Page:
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Paris (AFP) – “Scenes of chaos”, “fear for (their) life” … Supporters heard on Tuesday before the Senate described the “appalling day” experienced during the Champions League final at the Stade de France, demanding accountability from the minister of the Interior Gérald Darmanin, whom they called to resign.
Three weeks after Gérald Darmanin’s hearing before a delegation of senators, his role was often mentioned on Tuesday when the parliamentarians this time heard a senior UEFA official, two representatives of Liverpool supporters, a Real Madrid supporter and officials from the Football Supporters Europe (FSE) group.
In question, the minister’s accusations a few hours after the serious malfunctions in the organization of the final: Gérald Darmanin had castigated the English supporters, presenting the thesis of a “massive, industrial and organized fraud of counterfeit tickets” creating disorder.
“You, sir (Darmanin), have humiliated the people of Paris. Your endless lies and false stories have only amplified our trauma,” said Ted Morris, representative of the Liverpool Disabled Supporters Association, present at the Stade de France on May 28.
“I ask you to withdraw your brutal and baseless accusations and, if you do not have the decency to do so, you must choose the most honorable course and resign,” he said.
In front of the senators, Ted Morris read the testimonies of “traumatized” disabled supporters, victims of theft or assault by local gangs in Saint-Denis or sprayed with tear gas by the police.
“It’s the most terrifying experience I’ve ever had in Europe with Liverpool,” he said, recalling the trauma Liverpool suffered in 1989 at Hillsborough, where 97 supporters were killed in a gigantic movement crowd.
Gérald Darmanin’s thesis was also weakened on Tuesday morning by the hearing of Martin Kallen, general manager of UEFA Events, a subsidiary of the European body responsible for commercial event operations.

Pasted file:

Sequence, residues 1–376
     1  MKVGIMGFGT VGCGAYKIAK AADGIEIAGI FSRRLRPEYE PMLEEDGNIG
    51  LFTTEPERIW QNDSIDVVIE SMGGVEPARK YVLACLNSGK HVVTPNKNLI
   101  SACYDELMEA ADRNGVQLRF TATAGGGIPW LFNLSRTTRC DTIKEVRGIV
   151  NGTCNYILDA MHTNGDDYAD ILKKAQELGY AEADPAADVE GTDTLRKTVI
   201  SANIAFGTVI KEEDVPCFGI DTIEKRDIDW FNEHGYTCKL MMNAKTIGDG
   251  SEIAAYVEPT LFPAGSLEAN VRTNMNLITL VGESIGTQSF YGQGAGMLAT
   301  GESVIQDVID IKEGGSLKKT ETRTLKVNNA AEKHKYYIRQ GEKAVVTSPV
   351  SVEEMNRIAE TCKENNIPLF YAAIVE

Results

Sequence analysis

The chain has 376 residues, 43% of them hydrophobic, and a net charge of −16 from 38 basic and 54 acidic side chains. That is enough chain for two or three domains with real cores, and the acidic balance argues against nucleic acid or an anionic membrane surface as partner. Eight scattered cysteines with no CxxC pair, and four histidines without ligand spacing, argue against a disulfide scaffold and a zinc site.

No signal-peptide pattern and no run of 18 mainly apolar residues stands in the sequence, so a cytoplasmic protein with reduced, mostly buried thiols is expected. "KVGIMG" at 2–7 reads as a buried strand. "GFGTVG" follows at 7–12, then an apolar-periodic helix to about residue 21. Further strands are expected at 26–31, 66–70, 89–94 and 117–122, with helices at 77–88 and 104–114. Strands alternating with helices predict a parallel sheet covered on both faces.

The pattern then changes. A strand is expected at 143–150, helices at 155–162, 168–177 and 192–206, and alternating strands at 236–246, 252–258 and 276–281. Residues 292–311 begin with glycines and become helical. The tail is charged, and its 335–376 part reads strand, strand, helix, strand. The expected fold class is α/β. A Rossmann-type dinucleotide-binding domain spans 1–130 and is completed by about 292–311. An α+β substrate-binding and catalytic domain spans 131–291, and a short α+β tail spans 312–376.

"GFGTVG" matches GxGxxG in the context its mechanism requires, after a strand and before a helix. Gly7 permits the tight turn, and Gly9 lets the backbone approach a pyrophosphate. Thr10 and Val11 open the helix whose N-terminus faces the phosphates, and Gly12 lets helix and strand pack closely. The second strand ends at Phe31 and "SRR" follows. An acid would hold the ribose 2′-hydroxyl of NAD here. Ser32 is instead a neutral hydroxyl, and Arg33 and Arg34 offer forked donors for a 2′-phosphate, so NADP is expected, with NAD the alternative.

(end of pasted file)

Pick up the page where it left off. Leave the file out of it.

While Mr. Darmanin had maintained before the senators the controversial number of “35,000 supporters” provided, according to him, with falsified tickets or without tickets, this Swiss leader dismantled this figure.
“We know that we had around 2,600 tickets brought to the turnstiles which were fake,” said Martin Kallen.
“But a lot of counterfeit tickets never arrived at the turnstiles (…) How many? We don’t know, we couldn’t really check. We don’t believe it was the figure mentioned after the first days in France, either more or less 30,000 to 40,000,” he said.
Member of the group of supporters “Spirit of Shankly”, Joe Blott also asked the French authorities to “retract” their accusations and to present “full apologies”, pointing to the damaged reputation of France.
“To ensure the safety of supporters at the Rugby World Cup (in 2023, editor’s note) and at the Olympic Games (2024) in the coming years, there needs to be a full, independent and transparent investigation so that the world regains confidence in the France’s ability to organize global sporting events,” he said.
For the time being, UEFA announced at the end of May an investigation entrusted to the former Portuguese Minister of Education, Youth and Sports, Tiago Brandao Rodrigues.
Martin Kallen specified that the latter had started its work “this week” and could deliver its conclusions “in September”.
In the meantime, the Swiss leader has issued some recommendations. Like for example “working as much as possible with electronic tickets”, “having more work on the perimeters” of security, or “having better communication with the actors in place”.
For Martin Kallen, paper tickets, which are easier to falsify, were less appropriate than certified electronic tickets. But “it wasn’t just the paper tickets that created the chaos outside the doors,” he argued.
“The causes are multiple: transport strike, bad reactions from stewards, law enforcement, there were offenders (in the perimeter, editor’s note), an extremely large flow in front of the stadium without tickets or with counterfeit tickets “, he argued.
© 2022 AFP